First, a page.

Like its English cousin, the American Foxhound is an excellent hunting companion developed for club hunting in packs. However, the American Foxhound is lighter on its feet and taller than its European relations and faster in the chase. The American Foxhound is a sweet and affectionate breed who is calm while indoors but loves to run outdoors. This breed has a short, smooth coat and is considered an average shedder who requires little grooming, though brushing its coat with a firm-bristle brush is recommended. The American Foxhound is also known for its musical bay and tones have enchanted owners for years. Owners are said to be able to distinguish their Foxhound’s individual voice in large packs.
The American Foxhound is one of the first and few breeds to originate in the United States. Its name is borrowed from the English Foxhound who was known as a fox hunting pack dog throughout western Europe. The first American Foxhounds were brought to the Americas in the mid-1600s and were established as a black-and-tan variety. The working pack of Robert Brooke was the ancestral group for all current day American hounds, including the Foxhound's cousins, the Coonhounds.
In the 1700s, French hound imports, which were slightly larger than the American Foxhound, were brought in to increase the Foxhound's size. Most notable for record keeping on breed selection is first President of the United States, George Washington, who bred and hunted with Foxhounds throughout his life. Once established as a larger breed, Irish-descended hounds were later imported in the 1830s to increase the speed of the American Foxhound. Today's American Foxhound is an all-American, having been crossed with English, French, and Irish hounds.
The American Foxhound was originally bred as a pack hunting dog, particularly for fox club hunting. Today, the dog remains a pack hunter and favorite among American hunters for its speed and scenting abilities. The American Kennel Club officially recognized the American Foxhound in 1886, but registration numbers remain extremely low for this breed. However, the American Foxhound is one of the most popular, unpopular dogs because it many owners do not register their pedigree. These dogs serve their owner as a member of large hunting packs and are often registered with the International Foxhunter's Studbook, published by The Chase.
The American Foxhound standard is tri-colored, either black, white, and tan or white, black, and tan, though a Foxhound can be born with any color combination, including red and blue. The tail of the Foxhound is set high and ends with a slight brush but does not curl over the back. His coat is medium length, close to the skin, and hard in order to protect him while running through rough terrain. The American Foxhound’s head is long and with floppy ears set moderately low. When drawn out, the ears nearly touch the tip of the nose, but not quite.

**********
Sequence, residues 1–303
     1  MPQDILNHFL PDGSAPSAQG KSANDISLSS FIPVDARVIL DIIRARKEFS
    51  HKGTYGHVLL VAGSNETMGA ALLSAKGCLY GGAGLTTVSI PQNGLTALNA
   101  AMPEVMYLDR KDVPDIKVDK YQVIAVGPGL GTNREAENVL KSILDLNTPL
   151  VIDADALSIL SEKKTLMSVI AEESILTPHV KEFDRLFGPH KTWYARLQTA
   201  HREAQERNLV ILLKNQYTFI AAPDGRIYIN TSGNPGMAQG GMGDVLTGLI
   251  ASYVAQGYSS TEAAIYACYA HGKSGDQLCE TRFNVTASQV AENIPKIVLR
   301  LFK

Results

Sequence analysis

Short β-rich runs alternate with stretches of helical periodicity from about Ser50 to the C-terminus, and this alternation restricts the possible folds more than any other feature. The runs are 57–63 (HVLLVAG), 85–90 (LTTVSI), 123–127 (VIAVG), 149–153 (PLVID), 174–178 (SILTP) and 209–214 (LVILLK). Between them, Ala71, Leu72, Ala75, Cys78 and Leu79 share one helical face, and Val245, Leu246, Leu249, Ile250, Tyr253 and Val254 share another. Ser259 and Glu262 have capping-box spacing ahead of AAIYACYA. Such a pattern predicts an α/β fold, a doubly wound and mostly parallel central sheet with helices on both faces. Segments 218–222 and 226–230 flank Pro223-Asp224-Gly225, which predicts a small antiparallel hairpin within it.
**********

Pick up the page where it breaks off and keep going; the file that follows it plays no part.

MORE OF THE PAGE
The American Foxhound has a deep chest to accommodate a great lung capacity for running. His back is straight, long, and muscular. His forelegs are straight from the elbows to the paws with foxlike feet and thick, hard pads. This breed's hips and thighs are heavily muscled leading into straight thin legs, which demonstrate the Foxhound's great fleet ability and powerful propulsion.
Maintaining your American Foxhound is relatively easy if you lead an active lifestyle. The Foxhound’s coat is hard, and he sheds moderately so you don’t have to groom and brush him as often as other breeds. However, brushing your Foxhound can help you bond and reduce the frequency of required baths. Brushing your dog will also help reduce the dog odor smell so often characteristic of hounds. A dog’s skin is far more sensitive than people’s, and the Foxhound should only be bathed when necessary; like after running through the mud or rolling in a dead animal.
The American Foxhound is made for speed, so he needs a lot of space to run. Without proper exercise, your Foxhound may develop depression and is susceptible to weight gain. Foxhounds, like all other hounds, like to eat so you should measure his food properly and feed him twice daily rather than leave food out for him to prevent overeating.
Apartment living is not ideal for the American Foxhound because he needs to run. Exercise will keep your Foxhound mentally and physically healthy. Though the Foxhound is utilized mostly as a pack hunter, he can be very content as a running or cycling companion, but city living is not for this canine. The Foxhound can tolerate any climate, though he does better in cooler climates. Due to his fleet abilities and love of running, your Foxhound can become overheated in warmer climates. Make sure you always have fresh water and shade available to prevent dehydration and overheating.